I see four ways one might try to square Gorsuch’s declaration on Thursday with this horrific history. First, the justice may have meant what he said, and truly believes that COVID policies were a greater burden on civil liberties than slavery or Jim Crow. He does, after all, really hate wearing masks. Second, Gorsuch may have simply forgotten about the centuries-long subjugation of Black Americans (which originalists prefer to ignore, anyway). Third, he may have not considered these constitutionally sanctified, Supreme Court–sanctioned crimes against humanity as “civil liberties” abuses in the tradition sense; per this view, they were just the constitutional system at work as the founding generation might have envisioned. Fourth, he may have been attempting to cordon off the experiences of Black people and other historically abused minority groups as not having been a “collective” civil liberties intrusion experienced by all Americans (read: white Americans); note his choice of words in writing that “we” suffered civil liberties violations. A charitable reading might suggest that Gorsuch is speaking for well-off, middle-aged white men, whose privilege insulated them from adversity until that dark day in March 2020 when their local Buffalo Wild Wings shut its doors indefinitely.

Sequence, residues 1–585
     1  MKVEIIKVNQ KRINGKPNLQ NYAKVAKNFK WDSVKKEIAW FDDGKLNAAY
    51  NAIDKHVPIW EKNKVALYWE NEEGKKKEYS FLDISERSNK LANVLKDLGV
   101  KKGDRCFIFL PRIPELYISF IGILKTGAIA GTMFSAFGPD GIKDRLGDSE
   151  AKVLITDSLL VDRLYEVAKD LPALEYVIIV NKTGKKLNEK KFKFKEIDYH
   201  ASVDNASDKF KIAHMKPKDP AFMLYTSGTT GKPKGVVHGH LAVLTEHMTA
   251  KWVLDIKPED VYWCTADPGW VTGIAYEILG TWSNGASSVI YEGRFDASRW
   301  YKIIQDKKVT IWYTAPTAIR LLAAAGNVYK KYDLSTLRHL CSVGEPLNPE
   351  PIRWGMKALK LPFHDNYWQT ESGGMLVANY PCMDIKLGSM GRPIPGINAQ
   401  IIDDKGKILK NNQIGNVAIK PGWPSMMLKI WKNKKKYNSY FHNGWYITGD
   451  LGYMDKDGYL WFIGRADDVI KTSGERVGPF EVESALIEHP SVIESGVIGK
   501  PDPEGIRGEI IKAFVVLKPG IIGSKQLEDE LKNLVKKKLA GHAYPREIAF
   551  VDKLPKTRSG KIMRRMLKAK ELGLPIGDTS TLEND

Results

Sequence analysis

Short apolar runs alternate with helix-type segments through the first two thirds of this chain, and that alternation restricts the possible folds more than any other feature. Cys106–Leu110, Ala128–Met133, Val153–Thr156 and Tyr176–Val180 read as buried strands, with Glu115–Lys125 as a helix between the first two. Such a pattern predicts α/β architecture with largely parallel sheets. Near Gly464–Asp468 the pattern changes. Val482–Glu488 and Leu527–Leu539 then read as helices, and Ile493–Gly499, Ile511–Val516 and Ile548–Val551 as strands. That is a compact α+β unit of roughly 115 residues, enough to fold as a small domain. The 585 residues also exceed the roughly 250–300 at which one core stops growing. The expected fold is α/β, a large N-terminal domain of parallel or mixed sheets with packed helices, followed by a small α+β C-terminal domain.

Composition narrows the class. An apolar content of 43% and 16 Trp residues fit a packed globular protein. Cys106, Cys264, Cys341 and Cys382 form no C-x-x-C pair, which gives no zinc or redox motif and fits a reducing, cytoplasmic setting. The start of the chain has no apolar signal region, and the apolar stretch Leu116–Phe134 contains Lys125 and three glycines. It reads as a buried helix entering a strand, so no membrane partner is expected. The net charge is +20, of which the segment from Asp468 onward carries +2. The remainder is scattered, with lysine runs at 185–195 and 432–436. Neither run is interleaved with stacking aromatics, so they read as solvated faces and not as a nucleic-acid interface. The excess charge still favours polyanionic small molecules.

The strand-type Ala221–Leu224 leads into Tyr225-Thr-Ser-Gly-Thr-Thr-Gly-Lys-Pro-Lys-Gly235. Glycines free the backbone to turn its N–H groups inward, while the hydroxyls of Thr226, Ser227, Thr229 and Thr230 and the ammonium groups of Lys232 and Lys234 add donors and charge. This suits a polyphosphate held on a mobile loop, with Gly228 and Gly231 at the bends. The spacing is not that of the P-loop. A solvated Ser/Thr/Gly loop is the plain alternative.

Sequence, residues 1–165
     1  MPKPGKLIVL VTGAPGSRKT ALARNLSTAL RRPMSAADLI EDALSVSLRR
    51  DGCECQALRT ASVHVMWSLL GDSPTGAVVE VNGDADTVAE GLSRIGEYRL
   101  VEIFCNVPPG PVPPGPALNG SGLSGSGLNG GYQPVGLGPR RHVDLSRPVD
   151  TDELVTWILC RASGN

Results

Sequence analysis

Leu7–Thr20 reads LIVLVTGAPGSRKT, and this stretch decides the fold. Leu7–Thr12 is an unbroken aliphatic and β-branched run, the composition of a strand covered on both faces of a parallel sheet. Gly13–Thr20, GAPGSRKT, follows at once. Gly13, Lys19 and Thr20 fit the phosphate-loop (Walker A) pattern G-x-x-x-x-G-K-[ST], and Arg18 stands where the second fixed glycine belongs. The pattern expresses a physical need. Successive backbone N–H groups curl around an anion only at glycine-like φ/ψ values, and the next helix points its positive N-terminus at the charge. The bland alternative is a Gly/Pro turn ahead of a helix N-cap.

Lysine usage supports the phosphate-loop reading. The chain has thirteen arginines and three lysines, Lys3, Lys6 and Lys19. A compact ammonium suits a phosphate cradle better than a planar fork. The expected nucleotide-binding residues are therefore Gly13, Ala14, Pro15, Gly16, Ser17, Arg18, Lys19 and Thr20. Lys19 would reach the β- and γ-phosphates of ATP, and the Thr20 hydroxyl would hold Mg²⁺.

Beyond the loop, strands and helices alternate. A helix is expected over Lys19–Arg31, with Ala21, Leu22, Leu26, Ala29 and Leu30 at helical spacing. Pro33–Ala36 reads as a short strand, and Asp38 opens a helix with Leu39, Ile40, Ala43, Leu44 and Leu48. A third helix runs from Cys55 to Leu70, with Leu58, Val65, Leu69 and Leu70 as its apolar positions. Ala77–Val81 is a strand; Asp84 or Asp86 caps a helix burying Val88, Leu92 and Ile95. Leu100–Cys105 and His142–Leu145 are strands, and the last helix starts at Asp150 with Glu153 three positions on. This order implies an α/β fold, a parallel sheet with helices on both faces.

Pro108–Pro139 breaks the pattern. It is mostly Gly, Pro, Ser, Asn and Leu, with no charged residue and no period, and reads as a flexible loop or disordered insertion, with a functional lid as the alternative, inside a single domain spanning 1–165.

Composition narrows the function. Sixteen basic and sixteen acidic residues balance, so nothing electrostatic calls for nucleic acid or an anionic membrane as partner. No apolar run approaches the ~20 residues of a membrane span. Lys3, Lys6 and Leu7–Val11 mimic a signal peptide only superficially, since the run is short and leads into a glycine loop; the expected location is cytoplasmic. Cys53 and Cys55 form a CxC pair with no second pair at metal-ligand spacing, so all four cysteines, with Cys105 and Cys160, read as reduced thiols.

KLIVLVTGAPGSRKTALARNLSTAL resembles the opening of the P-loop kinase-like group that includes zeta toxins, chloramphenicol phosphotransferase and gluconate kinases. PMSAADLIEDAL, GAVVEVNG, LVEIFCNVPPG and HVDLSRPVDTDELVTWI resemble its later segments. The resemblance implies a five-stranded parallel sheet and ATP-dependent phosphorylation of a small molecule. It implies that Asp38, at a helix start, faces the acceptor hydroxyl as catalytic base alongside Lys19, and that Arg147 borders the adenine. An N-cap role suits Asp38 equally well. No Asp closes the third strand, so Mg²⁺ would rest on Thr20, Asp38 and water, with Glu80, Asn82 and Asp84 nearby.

If this last possibility sounds harsh, consider the broader myopia of the justice’s Thursday opinion, styled as a “statement.” He attached it to a case, Arizona v. Mayorkas, that dealt with red states’ attempt to maintain Title 42, a set of border restrictions once justified by COVID; since the pandemic is officially over, the court booted the case. Gorsuch used the decision as an excuse to list the manifold injustices that, to his mind, the government smuggled through in the name slowing the spread. Yet there’s not a word about the ways in which both the Trump and Biden administrations exploited Title 42 to prevent migrants fleeing persecution from seeking asylum in the U.S. (Gorsuch has frequently voted against asylum-seekers.) Nor is there any thought given to incarcerated people who were subjected to appalling, unhygienic conditions throughout the pandemic, a large number of whom were killed by the virus. (Gorsuch voted to block a lower court decision mandating safety measures for inmates.)